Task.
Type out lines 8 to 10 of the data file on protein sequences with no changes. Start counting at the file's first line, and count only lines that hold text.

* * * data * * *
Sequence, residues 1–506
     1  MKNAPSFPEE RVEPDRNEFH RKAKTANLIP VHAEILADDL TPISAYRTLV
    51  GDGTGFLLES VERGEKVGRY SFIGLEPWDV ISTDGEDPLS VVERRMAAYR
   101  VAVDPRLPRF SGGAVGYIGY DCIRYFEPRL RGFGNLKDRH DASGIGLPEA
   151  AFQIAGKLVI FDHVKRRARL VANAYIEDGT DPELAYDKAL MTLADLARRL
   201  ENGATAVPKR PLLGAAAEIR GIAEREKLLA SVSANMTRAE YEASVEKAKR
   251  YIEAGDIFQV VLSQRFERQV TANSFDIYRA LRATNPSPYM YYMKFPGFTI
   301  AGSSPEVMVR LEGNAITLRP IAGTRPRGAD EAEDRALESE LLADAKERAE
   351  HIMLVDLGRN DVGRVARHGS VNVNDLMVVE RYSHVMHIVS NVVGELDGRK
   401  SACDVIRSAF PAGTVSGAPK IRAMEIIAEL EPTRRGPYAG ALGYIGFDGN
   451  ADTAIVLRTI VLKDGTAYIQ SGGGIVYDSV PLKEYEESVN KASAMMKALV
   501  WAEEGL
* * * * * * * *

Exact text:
   301  AGSSPEVMVR LEGNAITLRP IAGTRPRGAD EAEDRALESE LLADAKERAE
   351  HIMLVDLGRN DVGRVARHGS VNVNDLMVVE RYSHVMHIVS NVVGELDGRK
   401  SACDVIRSAF PAGTVSGAPK IRAMEIIAEL EPTRRGPYAG ALGYIGFDGN